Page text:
Sunday, March 17, 2013

The Dutch in America

Jan Franz Van Husum arrived in America in July of 1639, settling down in the newly established colony of Fort Orange on the Hudson River with his wife Volkje. They raised a family of nine children. Jan engaged in the beaver trade with the Mohawk Indians, bought land, and prospered. Jan died at the age of 61 in 1669. Volkje lived on until 1703.

New Netherlands, titled New Belgi, original map 1665 Wikipedia

See another map of New Netherlands, 1665.

During this time the Dutch colony of New Netherlands came and went. The earliest Dutch settlement was in 1613. Recognizing a lucrative fur trade with the Indians, the Dutch chartered the Dutch West Indies Company to establish colonies and bring over settlers.

In 1617 the Dutch established Fort Orange at the confluence of the Hudson and Mohawk rivers where the city of Albany is now found. By 1629, Kiliaen van Rensselaer, a charter member of the Dutch West Indies Company, established Rensselaerswyck, surrounding Fort Orange. Van Rensselaer chartered several ships to bring in settlers for the new colony. This likely included the ship Den Harinck, which arrived in July of 1639 carrying Jan and Volkje.

detail, Rembrandt's The Night Watch, 1642

The colony prospered. During the 1640s, Beverwijck, (beaver village) a settlement of fur traders north of the fort, was established. Beaver pelts were bought from the Mohawk Indians and shipped back to Holland where they were made into hats worn by the rich. (See the gentleman in the center of Rembrandt's painting The Night Watch). As I noted, Jan and Volkje prospered. Jan bought for the price of 500 guilders, about 70 beaver, his own land in June of 1662 from the Indians, calling it Claverack, (field of clovers). Van Rensselaer, who was not a man to be trifled with, sued Jan over the question of title.

Call it a stroke of luck or the fortunes of history.

In 1664 King Charles II of England turned his eye to the Dutch colony in America. James, Duke of York and brother to King Charles II, chartered four English frigates. They sailed into the port of New Amsterdam and achieved a surrender of the Dutch colonies without firing a shot. The Dutch colonies officially became English three years later with the Treaty of Breda.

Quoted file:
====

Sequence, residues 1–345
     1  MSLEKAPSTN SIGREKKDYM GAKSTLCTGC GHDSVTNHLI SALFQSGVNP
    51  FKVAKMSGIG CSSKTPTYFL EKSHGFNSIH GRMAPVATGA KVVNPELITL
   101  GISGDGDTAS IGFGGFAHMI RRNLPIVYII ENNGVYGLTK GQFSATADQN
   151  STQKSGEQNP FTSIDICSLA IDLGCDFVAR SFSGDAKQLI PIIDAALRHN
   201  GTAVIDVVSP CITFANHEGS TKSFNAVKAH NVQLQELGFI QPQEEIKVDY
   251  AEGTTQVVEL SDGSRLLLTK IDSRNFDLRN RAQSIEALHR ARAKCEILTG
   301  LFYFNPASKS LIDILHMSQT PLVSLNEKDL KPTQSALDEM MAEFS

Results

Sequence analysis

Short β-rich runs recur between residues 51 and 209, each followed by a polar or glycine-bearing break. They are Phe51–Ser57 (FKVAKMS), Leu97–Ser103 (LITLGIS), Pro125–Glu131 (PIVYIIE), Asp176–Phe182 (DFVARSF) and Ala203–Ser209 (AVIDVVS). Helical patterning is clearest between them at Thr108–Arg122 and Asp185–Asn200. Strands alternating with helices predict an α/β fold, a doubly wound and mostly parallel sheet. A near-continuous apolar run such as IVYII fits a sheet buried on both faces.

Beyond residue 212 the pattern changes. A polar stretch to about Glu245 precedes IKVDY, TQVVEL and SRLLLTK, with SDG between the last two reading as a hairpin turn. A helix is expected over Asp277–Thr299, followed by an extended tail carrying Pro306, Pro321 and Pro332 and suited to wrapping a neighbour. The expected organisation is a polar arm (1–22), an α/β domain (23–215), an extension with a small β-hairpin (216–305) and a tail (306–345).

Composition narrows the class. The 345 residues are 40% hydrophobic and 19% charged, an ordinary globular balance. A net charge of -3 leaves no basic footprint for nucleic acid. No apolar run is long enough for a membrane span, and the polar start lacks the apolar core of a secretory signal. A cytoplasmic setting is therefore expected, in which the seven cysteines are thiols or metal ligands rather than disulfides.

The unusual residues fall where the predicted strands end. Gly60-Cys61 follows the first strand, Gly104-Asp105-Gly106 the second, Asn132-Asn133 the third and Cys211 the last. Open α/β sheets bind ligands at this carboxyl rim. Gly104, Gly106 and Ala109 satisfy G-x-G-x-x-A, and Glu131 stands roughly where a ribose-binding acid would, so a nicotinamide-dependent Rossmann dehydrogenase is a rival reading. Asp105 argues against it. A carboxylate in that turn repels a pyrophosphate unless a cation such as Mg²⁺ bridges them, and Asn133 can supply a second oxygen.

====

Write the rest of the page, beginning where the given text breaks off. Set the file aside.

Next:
This was fortunate for the Van Husum claim, for the new English courts sided with Jan and his heirs. And the first English colonial Governor Richard Nicolls granted the land patent at the colonial capital of Albany on May 14, 1667.


1. Jan and Volkje were a part of a large group of emigrants from Schleswig. This emigration took place after the terrible flood of 1634 and was also a result of the religious wars that shook northern Europe. Schleswig-Holstein Immigrants in New Amsterdam/New York,1636 - 1667.

Jan is identified "Hans Fransen", number 24 on the list of immigrants.

2. Beaver pelts trading took place from May to November, a time called the Handelstijd (trading time). The Mowhawk Indians would bring their pelts to town and the townspeople would all engage in "earning a pelt". At its height, the Handelstijd took in 50,000 beaver pelts. these pelts were then shipped to European markets. See Rituals of the Handelstijd at Beverwijck, by Donna Merwick. Beaver pelts fluctuated in price between 6 and 8 guilders a pelt. See Money Substitutes.

3. For more information about early Dutch history, read A Tour of New Netherlands.